Game of the Year contender. A triumphant fusion of theme and mechanics, Total War: Warhammer is intense, challenging, and often spectacular1.  From the early game, when I plotted how to bring a wealthy city-state into the imperial fold, to the mid-game, when I juggled human and inhuman foes, to the late game, when I led a Lord of the Rings-style alliance that saw armies marching from the far corners of the earth to help fight Chaos, Total Warhammer cast me as the star of a fantasy epic about uniting humanity against the coming darkness. This was the experience promised before release, and wow, did the game deliver.

More detailed thoughts below:

Continue reading

  1. I played on Hard campaign difficulty, Normal battle difficulty.
Posted in PC Games, Strategy Games | Tagged | Leave a comment

Do you like written LPs and AARs?

If so, I’d really appreciate your help filling in this survey. I love reading and writing After-Action Reports and Let’s Plays, and I’d like to start a spin-off website collecting them (effectively, Twitch for the written word). The survey will only take a couple of minutes and will help me refine ideas for the website. Results so far can be seen here – thanks for your help!

Posted in Website | Leave a comment

Musical Monday: “Faster than Light (instrumental)” (Stellaris), composed by Andreas Waldetoft

This is one of my favourite pieces of music in Stellaris, embodying the game’s – and the science fiction genre’s – spirit of exploration and discovery. At its start, it’s understated and almost ethereal; it takes on a questing, inquisitive tone around 0:45; and finally blossoms into liveliness at 2:40. Enjoy!

Continue reading

Posted in Musical Monday, Soundtracks | Tagged , , | Leave a comment

Clippings: Civilising the Kaldwins

2016 looks to be a bumper year for strategy games, based on the release of XCOM 2 (my current pick for GOTY), Banner Saga 2, Stellaris, Total War: Warhammer, Hearts of Iron IV, and now Civilization VI. While the Civ 6 previews all seem to be based on the same briefing, PC Gamer has also conducted a follow-up interview.

In other news:

Posted in Clippings | Leave a comment

Space Opera, Act I: Thoughts on Stellaris

Stellaris ESS startHumanity triumphant! My first game of Stellaris was a short one, as my fledgling humans were ground to dust by a nearby computer player. My second was more successful. Under the banner of the Empire of the Shimmering Stars, humanity spread out from the Deneb system – befriending the pre-spaceflight Immathurans, bringing more species and more worlds under its sway.

Stellaris - Immathurans encounteredSome of humanity’s neighbours turned out to be friendly, or at least benevolent neutrals. I signed migration treaties, allowing us to populate one another’s worlds. Some were hostile. When my first spacefleet was destroyed in a bid to protect my Immathuran proteges, I built a second one, the Remembrance Fleet. The Remembrance Fleet went on to turn the tables, and the would-be aggressors became first vassals and then subjects.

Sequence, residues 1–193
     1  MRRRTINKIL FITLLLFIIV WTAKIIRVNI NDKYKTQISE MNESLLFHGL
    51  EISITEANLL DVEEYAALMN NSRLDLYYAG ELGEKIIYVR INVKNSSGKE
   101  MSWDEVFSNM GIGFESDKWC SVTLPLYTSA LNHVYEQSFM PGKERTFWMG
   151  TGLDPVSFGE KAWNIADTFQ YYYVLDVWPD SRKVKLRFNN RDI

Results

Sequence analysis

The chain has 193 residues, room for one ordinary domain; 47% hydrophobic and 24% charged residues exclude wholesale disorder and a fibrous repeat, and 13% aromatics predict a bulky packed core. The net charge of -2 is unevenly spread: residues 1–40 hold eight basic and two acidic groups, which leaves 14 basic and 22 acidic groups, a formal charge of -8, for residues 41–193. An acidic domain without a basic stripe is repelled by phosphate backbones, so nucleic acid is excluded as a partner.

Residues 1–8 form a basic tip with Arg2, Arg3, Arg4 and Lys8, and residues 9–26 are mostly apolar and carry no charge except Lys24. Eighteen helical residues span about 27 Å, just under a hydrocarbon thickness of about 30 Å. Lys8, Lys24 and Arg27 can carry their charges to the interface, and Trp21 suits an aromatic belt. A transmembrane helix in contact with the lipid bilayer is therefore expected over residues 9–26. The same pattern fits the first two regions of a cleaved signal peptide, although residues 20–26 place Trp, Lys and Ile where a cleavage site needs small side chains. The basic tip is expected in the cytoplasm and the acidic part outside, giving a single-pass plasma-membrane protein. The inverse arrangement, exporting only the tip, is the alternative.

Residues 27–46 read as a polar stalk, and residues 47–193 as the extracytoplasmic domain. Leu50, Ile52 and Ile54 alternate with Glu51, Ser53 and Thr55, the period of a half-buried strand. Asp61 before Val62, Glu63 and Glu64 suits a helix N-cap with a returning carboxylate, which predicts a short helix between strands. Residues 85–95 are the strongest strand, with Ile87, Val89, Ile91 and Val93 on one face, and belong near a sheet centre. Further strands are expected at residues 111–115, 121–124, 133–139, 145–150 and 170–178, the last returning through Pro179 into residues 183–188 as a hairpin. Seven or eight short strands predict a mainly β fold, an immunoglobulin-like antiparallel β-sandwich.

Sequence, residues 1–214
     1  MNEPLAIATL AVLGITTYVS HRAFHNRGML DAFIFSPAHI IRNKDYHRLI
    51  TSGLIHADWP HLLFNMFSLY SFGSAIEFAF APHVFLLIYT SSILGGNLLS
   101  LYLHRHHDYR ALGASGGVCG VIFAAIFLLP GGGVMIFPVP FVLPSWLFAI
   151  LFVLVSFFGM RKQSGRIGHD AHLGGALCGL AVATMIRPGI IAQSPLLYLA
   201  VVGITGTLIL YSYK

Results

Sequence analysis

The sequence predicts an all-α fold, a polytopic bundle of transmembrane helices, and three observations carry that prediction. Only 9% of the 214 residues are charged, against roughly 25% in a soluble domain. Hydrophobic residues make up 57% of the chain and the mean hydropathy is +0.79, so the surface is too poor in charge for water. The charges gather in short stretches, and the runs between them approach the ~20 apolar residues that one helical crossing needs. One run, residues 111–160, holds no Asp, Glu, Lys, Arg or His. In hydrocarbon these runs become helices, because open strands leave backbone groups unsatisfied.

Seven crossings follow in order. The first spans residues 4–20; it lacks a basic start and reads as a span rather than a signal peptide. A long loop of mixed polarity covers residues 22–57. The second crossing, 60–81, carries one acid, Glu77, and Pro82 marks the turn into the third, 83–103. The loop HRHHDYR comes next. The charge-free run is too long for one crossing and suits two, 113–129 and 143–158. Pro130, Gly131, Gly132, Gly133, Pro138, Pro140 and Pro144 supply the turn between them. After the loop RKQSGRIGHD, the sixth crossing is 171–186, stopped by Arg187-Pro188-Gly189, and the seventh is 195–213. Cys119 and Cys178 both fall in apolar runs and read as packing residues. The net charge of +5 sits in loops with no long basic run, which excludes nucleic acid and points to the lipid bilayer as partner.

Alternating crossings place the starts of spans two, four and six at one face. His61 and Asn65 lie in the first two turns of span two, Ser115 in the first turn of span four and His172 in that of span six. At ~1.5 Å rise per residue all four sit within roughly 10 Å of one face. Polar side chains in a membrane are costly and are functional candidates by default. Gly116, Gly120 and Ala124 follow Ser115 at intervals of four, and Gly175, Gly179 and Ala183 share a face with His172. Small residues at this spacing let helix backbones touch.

On and on the human tide rolled, until finally I stretched too far. The Ubaric Progenitors, an ancient “Fallen Empire” (ornery precursor races populating the Stellaris galaxy), objected to my colonies near their borders. The Remembrance Fleet fought them off – just. I attempted to take the war to the Ubari capital, an ancient ringworld. It was a disaster: the combined Ubari forces crushed mine. In the ensuing peace treaty, the Ubari forced me to abandon a swathe of colonies, and to add insult to injury, assassinated my leader.

Fortunately, the Shimmering Stars had the size and strategic depth to recover. Rebuilt newer and stronger, my Grand Fleet fought off an extra-galactic invasion (one of Stellaris’ “late-game crises”)… and returned to unfinished business. Once again, a human fleet, supported by allied and vassal contingents, appeared above the Ubari ringworld.

Stellaris grand fleet 2This time, the allies outgunned the Ubari several times to one. One by one, the Ubari warships and starbases winked out. The Ubari leaders surrendered. The bronze eagle flag of the Shimmering Stars flew over a ringworld that was already old when the first humans rubbed sticks together to make fire.

Stellaris defeated UbaricHumanity now presides over the galaxy’s dominant empire. No threats remain. The empire itself is home to many species, most co-existing happily, and its highest offices are open to leaders from all species. That, for me, is victory!

Stellaris end mapGood game, 1-2 expansions away from potential greatness. Stellaris’ appeal rested on two promises: (1) a vibrant science-fiction universe, and (2) blending Paradox’s specialty, the grand strategy game, with the established space 4X genre. It delivers on the first; I am not convinced it delivers on the second, as its limited internal politics feel more like a traditional 4X. I suspect players will enjoy it to the extent they’re looking for an interactive science fiction epic rather than a crunchy GSG. Overall, I enjoyed my 20 hours with Stellaris, and I look forward to playing again several patches down the road. (Update: the developers have posted their roadmap for the next few updates, which look great! They address many of my issues with the game.)

Below, I elaborate:

Continue reading

Posted in PC Games, Strategy Games | Tagged | Leave a comment

Musical Monday: “Brothers in Arms” (Mad Max: Fury Road), composed by Tom Holkenborg